For our first chat of 2022 we catch up with the multi-talented Salihah Agbaje. From arts practitioner, children’s author, and podcaster, to passionate educationalist, and founder of Theatre in Education organisation Spoken World Productions, Salihah tells us more about her different creative roles.
Croydonist: First of all, Croydon native or convert, and what area do you call home?
Salihah: I’m a convert for sure. Brixton/Stockwell roots and I would say there was lots of flourishing that took place in Forest Hill and Sydenham. Croydon was always about my children because I think there’s more choice when you think about schools up here.
Croydonist: What’s your background in the arts and education and what led you to set up Spoken World Productions?
Salihah: I studied Media Performance and Applied Social Studies at Uni and before that Drama and literacy were an absolute constant in my studies too. I’ve taught Drama, movement, English, Articulation and lots more but my heart really sings when I’m writing for children or in a workshop with children watching our performances come to life.
Spoken World Productions came together as a reflection of that – there is always a need to help children understand the variety of ways they can express their art and creativity. Within our workshops, we provide the framework and encouragement for the children to feel secure enough to perform and support their peers with supportive behaviour and truly be themselves.
Croydonist: Who makes up the Spoken World team?
Salihah: We are freelance creatives, together we are a group of directors, teachers, singers, dancers, writers, actors and performers. We are lovers of the arts.
Croydonist: You started a podcast in 2021 and have already won a Quill award for most innovative podcast which is very impressive – how did the concept for the podcast come about?
Salihah: Thank you! It’s still so humbling because the podcast was never in the plans, however friends suggested and encouraged me to look into it and as soon as I did, I couldn’t believe it had taken this long to get started! Spoken World Podcast is about a whole number of things but the overarching topic is children. We invite guests on to discuss how children are affected by different topics like mental health, education, immigration, the Arts and so much more. It’s such a wonderful way to connect with others, to learn more about anything and everything and we are super proud of how Spoken World podcast is growing. We are currently on a break and planning to come back with more wonderful guests and topics this year.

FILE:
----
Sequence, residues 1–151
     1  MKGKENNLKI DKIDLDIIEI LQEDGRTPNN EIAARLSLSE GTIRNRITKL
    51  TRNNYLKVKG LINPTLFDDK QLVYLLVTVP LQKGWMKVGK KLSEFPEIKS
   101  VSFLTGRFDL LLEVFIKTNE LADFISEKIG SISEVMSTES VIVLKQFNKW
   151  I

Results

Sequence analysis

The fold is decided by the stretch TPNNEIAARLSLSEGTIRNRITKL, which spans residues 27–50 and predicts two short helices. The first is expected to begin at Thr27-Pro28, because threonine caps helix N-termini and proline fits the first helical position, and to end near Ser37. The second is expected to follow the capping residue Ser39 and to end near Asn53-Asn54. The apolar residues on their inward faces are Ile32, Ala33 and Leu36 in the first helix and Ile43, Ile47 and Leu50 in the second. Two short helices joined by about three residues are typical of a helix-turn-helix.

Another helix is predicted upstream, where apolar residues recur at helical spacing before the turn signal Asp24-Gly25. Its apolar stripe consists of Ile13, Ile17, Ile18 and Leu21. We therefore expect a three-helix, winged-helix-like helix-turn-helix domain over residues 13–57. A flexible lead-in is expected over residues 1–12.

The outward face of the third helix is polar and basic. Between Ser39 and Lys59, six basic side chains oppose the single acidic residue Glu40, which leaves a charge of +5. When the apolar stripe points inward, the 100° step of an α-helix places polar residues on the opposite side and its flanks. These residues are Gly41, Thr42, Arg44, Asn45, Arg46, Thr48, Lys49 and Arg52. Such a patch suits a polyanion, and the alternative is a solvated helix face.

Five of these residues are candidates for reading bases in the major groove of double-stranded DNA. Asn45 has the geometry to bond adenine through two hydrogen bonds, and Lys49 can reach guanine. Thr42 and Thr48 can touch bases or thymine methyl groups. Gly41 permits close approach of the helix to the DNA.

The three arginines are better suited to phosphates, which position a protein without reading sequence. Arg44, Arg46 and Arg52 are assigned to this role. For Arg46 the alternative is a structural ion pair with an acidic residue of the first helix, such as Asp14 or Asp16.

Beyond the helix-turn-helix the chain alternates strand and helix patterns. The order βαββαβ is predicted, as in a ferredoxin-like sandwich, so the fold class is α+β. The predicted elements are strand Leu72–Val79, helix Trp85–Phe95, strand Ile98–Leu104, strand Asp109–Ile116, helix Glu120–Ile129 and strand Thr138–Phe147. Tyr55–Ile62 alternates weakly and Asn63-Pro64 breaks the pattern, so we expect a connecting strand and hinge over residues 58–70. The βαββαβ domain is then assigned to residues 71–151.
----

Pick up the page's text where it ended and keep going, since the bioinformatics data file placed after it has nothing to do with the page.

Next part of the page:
Croydonist: How did you go about choosing your guests?
Salihah: Some guests came about by personal research where I felt a certain guest would be a great fit for the topic, others were recommendations from listeners. Our listeners are the best!
Croydonist: What’s been your favourite episode so far?
Salihah: Ooooh! SO hard to choose… I have a few that stand out.
Mums that can do both with Sally-Anne Donaldson – this was a powerful conversation with constant reminders that although we are living in a world that is set up to accommodate the needs of men first and foremost, things are changing and women are juggling family and career in such a phenomenal way. It’s impossible not to be inspired to either be a part of that change or move along with it.
Another episode that stands out is Games are Good with David Farmer – David teaches teachers how to implement Drama into their classrooms and has such a wealth of information around the benefits of Drama. We could have talked about it for years!
Finally, Fail Well with Dr Rebecca Olowookere, who blew my mind with all her medical facts about the benefits of sleep and how integrating good sleeping habits impacts other areas of your life and that of your children too. With every episode, I come away richer, I learn so much and I’m constantly inspired by our guests.
Croydonist: Can you tell us some more about your play, Mouth Almighty?
Salihah: The play came about when a news report about a missing child came on the news and I was a new mum at the time. I felt devastated and helpless listening to the report and then I began to wonder if I was doing enough to alert the children in my life about the dangers of strangers, about what to do if approached by a stranger. I didn’t want it to stop there either, I wanted to enhance the knowledge of children everywhere and felt the best way to attempt this was through writing. I chose to write a play because in doing so, you encourage role play, you encourage children to step into the shoes of adults and it creates inflection. Through watching one another perform ‘Mouth Almighty, A Play’ the children were able to better comprehend how they could be directly impacted by interacting with a stranger in their midst.
Croydonist: What’s the best part about working with children in the arts?
Salihah: Most of the time children are uninhibited and the beauty in that is their innate talents take centre stage and thrive. When that happens, it’s a beautiful thing to see. When we meet children who are shy or reserved and a few weeks into the course they become the lead in conversations or volunteer to go first, we are always elated.
Croydonist: What’s the trickiest part about working with children in the arts?
Salihah: Sometimes it’s disheartening because the arts are being curbed yet now more than ever, this is an area that children need in their school life. With so many factors to contend with, life can be incredibly challenging for children and young people, yet the arts offer an alternative way to learn and live.
Croydonist: Where do you go in Croydon for inspiration?
Salihah: I love to go to the library. I love books and always feel elated to be surrounded by them. I also love to be out in nature and adore Coombe Wood, especially in the summer.
Photos by Ranji Thangiah, courtesy of Spoken World Productions.
Posted by Julia